Session Title

Self-Fashioning and Assumptions of Identity in Medieval and Early Modern Iberia

Sponsoring Organization(s)

Ibero-Medieval Association of North America (IMANA); North American Catalan Society

Organizer Name

Laura Delbrugge, John A. Bollweg

Organizer Affiliation

Indiana Univ. of Pennsylvania, Western Michigan Univ./College of DuPage

Presider Name

Laura Delbrugge

Paper Title 1

"Las obras hazen linaje; que, al fin, todos somos hijos de Adán y Eva": Self-Hood on the Margins in Celestina

Presenter 1 Name

Rachel Scott

Presenter 1 Affiliation

King's College London

Paper Title 2

Keeping up Appearances with "Juste Ypocrisie": Anne de Beaujeu's Machiavellian "Lessons" for Her Daughter

Presenter 2 Name

Zita Eva Rohr

Presenter 2 Affiliation

Univ. of Sidney

Paper Title 3

Looking in the Mirror: Catalina, João III of Portugal, and a Speculum for a Queen-to-Be

Presenter 3 Name

Nuria Silleras-Fernandez

Presenter 3 Affiliation

Univ. of Colorado-Boulder

Paper Title 4

The Dual Disguises of a Runaway Slave: Joseph Soller, “Mulatto Pilgrim” and Priest Impersonator

Presenter 4 Name

John K. Moore

Presenter 4 Affiliation

Univ. of Alabama-Birmingham

Start Date

9-5-2014 10:00 AM

Session Location

Fetzer 1005

Description

In the Middle Ages individuals and groups could define or express identity through a variety of literary and performative practices: the creation of authorial personae, the exercise of patronage, the composition or use of courtesy manuals, the invention (or recovery) of family and community history, editorial practice, passing, professional formation, autobiography, social climbing and mobility, etc. In these and other exercises in the creation and expression of identity, authors and historical actors employ inherited attributes, acquired skills and performed actions to persuade contemporaries (or to dissemble) in ways that illustrate the values and expectations prevalent in their historical context. For this panel, IMANA and NACS sought papers that discuss historical and literary examples (including examples of literary characters) of the definition and expression of identity in cooperation or conflict with the values and expectations of the culture of Iberia and the Mediterranean World in the later middle ages (1200 - 1500 CE).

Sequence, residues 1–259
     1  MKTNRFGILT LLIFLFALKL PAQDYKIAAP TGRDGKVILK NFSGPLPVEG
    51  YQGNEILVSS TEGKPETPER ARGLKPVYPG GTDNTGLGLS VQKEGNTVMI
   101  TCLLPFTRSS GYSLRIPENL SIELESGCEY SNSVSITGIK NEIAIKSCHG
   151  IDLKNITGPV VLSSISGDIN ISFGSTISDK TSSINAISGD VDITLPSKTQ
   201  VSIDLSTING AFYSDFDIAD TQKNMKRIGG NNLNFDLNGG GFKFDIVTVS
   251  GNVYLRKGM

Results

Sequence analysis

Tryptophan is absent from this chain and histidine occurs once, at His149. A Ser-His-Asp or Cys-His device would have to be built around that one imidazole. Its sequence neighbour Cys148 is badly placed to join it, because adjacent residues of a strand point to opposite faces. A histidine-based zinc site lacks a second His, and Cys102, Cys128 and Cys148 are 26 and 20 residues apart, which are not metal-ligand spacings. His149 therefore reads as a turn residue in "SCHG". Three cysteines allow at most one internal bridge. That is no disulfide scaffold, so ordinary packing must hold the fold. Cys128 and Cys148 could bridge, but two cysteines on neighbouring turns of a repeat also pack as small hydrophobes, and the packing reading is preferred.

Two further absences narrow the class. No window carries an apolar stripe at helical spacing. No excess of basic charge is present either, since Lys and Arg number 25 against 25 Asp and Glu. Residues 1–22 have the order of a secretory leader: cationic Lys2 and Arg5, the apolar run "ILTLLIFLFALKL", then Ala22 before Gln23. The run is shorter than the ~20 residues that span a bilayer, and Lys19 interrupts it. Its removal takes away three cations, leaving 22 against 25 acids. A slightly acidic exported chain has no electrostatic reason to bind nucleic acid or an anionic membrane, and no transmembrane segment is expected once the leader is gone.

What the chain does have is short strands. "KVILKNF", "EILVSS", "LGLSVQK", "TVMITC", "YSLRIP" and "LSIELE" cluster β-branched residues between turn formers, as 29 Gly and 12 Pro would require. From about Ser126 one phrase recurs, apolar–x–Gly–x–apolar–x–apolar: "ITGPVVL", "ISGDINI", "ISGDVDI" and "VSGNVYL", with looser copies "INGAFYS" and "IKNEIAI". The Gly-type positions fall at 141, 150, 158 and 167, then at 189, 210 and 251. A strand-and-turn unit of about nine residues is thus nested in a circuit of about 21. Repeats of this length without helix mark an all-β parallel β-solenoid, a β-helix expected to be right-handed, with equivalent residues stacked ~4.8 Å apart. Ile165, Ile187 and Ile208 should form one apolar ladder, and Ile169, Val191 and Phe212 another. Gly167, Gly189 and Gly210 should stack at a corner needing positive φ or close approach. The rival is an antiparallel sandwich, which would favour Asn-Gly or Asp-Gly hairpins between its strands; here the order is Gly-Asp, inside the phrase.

John A. Bollweg

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May 9th, 10:00 AM

Self-Fashioning and Assumptions of Identity in Medieval and Early Modern Iberia

Fetzer 1005

In the Middle Ages individuals and groups could define or express identity through a variety of literary and performative practices: the creation of authorial personae, the exercise of patronage, the composition or use of courtesy manuals, the invention (or recovery) of family and community history, editorial practice, passing, professional formation, autobiography, social climbing and mobility, etc. In these and other exercises in the creation and expression of identity, authors and historical actors employ inherited attributes, acquired skills and performed actions to persuade contemporaries (or to dissemble) in ways that illustrate the values and expectations prevalent in their historical context. For this panel, IMANA and NACS sought papers that discuss historical and literary examples (including examples of literary characters) of the definition and expression of identity in cooperation or conflict with the values and expectations of the culture of Iberia and the Mediterranean World in the later middle ages (1200 - 1500 CE).

John A. Bollweg